Can We Apply Ultrasound to Hearing Aids for the Profoundly Deaf?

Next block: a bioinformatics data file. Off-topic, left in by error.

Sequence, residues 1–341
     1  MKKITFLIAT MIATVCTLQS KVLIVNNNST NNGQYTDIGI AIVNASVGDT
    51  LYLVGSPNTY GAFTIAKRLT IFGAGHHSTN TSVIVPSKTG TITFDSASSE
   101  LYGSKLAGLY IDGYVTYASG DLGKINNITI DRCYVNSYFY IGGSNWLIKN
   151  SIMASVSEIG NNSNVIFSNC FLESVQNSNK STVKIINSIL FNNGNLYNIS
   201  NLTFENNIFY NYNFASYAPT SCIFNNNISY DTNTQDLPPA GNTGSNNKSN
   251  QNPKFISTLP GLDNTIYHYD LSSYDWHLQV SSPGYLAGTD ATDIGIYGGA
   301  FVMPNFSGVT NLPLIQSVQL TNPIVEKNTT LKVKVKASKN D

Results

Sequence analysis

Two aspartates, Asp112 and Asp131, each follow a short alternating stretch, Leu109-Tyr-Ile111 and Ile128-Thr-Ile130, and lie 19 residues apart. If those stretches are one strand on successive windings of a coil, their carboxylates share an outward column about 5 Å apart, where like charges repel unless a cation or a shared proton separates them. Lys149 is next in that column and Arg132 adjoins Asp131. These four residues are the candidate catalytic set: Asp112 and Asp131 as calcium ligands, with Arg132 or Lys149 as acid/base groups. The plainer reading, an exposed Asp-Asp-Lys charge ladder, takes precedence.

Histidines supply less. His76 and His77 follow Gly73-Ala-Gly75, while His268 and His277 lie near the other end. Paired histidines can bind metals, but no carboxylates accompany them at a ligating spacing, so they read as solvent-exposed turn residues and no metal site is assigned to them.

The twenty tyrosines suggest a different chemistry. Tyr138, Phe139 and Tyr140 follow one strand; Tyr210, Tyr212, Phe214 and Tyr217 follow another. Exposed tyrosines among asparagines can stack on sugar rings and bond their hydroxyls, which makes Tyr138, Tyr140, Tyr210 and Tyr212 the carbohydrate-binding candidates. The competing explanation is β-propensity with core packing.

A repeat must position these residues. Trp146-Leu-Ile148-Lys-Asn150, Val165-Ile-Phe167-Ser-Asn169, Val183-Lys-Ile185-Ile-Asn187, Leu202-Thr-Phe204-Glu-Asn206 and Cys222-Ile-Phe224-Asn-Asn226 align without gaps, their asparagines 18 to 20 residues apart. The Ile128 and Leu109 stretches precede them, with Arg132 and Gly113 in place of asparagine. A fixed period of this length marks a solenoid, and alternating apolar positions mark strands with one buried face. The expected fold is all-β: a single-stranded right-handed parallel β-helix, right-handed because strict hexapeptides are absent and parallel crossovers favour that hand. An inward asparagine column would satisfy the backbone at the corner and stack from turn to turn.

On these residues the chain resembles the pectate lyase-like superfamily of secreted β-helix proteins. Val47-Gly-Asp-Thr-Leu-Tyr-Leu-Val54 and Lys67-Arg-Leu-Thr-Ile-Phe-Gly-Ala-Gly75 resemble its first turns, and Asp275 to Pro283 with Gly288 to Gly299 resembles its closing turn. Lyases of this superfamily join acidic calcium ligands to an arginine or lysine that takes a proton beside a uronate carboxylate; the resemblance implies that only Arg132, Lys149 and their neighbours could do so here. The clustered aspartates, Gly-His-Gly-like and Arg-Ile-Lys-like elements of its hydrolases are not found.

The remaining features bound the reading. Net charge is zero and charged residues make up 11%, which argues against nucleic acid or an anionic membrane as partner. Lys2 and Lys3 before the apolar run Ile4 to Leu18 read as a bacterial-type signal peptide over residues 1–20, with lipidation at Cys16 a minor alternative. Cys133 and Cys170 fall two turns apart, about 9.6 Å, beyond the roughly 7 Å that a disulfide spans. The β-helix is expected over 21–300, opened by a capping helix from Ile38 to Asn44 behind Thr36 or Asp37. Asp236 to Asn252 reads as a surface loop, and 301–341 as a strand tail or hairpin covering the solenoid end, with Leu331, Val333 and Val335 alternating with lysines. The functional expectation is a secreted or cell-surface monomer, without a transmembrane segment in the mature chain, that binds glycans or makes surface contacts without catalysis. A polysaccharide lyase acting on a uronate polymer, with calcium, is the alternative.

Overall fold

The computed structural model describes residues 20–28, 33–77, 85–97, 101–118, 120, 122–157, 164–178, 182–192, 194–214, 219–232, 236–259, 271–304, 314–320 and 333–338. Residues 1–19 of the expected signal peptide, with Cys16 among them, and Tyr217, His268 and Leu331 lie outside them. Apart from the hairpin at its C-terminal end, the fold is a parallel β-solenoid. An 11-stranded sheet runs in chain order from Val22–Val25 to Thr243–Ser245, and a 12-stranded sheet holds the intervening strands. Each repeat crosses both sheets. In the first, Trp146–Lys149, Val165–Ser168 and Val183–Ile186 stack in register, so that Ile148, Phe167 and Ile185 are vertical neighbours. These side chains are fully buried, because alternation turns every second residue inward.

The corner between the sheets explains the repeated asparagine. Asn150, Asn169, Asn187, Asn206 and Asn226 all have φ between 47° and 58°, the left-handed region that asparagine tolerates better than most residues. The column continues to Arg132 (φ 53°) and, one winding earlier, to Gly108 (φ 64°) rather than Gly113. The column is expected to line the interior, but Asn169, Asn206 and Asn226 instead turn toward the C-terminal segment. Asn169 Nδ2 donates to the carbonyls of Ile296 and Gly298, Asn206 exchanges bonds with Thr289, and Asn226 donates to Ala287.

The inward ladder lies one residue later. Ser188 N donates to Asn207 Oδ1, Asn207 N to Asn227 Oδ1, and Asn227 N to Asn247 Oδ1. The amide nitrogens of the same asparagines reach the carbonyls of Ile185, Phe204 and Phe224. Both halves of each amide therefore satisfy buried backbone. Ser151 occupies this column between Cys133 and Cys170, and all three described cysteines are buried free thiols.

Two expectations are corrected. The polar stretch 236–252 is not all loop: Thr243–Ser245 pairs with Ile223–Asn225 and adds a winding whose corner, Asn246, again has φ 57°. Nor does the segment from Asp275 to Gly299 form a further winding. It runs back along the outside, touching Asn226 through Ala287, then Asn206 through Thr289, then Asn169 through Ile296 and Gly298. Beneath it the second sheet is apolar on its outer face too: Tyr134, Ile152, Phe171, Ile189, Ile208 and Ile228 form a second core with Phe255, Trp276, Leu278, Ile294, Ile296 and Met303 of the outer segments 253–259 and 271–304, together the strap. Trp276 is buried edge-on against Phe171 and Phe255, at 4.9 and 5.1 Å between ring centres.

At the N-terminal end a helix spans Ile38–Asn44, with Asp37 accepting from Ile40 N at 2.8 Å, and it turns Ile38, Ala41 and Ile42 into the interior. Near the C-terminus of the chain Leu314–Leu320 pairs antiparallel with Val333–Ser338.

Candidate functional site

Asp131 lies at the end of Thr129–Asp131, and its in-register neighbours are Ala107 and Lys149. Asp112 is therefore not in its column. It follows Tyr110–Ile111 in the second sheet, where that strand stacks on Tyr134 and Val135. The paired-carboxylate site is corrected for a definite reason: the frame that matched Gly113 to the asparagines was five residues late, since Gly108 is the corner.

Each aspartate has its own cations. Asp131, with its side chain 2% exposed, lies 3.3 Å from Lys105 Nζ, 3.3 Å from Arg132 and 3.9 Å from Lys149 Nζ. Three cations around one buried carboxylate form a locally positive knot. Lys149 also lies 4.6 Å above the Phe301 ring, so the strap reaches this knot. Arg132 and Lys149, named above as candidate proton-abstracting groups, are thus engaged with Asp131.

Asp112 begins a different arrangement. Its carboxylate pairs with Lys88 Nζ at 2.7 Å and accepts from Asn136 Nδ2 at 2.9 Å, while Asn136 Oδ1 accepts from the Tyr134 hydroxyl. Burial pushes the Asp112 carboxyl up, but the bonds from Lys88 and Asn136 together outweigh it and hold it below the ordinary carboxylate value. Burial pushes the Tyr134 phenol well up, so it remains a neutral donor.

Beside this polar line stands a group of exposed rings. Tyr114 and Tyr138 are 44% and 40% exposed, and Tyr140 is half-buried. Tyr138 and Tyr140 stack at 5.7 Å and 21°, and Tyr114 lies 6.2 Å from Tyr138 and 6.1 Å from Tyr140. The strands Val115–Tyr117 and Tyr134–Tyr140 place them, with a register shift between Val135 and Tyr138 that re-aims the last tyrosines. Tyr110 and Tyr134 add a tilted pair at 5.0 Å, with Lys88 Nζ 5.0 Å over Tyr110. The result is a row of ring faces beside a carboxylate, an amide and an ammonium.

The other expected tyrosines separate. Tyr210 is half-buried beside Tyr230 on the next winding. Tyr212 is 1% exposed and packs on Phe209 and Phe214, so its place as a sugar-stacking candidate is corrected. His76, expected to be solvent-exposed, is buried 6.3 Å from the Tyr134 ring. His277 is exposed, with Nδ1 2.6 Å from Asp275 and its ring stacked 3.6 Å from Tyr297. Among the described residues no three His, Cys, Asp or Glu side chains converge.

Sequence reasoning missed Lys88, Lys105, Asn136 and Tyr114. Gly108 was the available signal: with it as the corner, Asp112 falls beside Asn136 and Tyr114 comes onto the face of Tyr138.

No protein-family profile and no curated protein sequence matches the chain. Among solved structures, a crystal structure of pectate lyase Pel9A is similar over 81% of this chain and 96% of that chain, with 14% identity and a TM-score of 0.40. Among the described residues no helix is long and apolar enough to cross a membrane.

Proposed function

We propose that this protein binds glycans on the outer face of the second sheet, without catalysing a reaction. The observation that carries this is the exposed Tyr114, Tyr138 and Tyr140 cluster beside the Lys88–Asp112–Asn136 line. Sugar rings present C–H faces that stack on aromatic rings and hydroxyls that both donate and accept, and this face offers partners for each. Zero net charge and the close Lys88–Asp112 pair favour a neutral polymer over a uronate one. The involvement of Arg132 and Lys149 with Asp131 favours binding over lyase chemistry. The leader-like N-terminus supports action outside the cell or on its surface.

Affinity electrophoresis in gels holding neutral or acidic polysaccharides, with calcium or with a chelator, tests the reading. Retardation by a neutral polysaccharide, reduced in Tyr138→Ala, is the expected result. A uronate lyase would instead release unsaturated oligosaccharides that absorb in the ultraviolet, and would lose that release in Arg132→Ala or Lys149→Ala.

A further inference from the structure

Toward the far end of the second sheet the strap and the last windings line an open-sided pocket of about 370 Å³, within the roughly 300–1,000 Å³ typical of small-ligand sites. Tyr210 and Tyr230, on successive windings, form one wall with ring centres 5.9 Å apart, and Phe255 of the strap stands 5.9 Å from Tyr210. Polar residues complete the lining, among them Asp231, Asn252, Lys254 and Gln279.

There has been considerable debate concerning bone-conduction ultrasound audibility. Although several hypotheses predicting the peripheral mechanisms of ultrasound perception have been proposed, there was no report regarding the central mechanisms of ultrasound perception,i.e., which sensory area in the brain is activated by ultrasound stimulation, the auditory area, the somatosensory area or a special area for ultrasound perception, before our report. We reported, for the first time, that the auditory cortex is activated by ultrasound stimulation, not only in normal-hearing persons but also in some profoundly deaf subjects who cannot sense any non-ultrasound at all with magnetoencephalography. Furthermore, we showed that ultrasound modulated by speech /a/ and /i/ significantly elicited mismatch magnetic fields (MMF) within the auditory cortex, which have been known as neural activities reflecting the detection of acoustic differences among stimuli even for profoundly deaf subjects. It proves the possibility of transmitting speech information to the auditory cortex of the profoundly deaf through modulated ultrasound stimulation, hence ultrasound could become an effective communication tool for the profoundly deaf without any surgery like cochlear implants.
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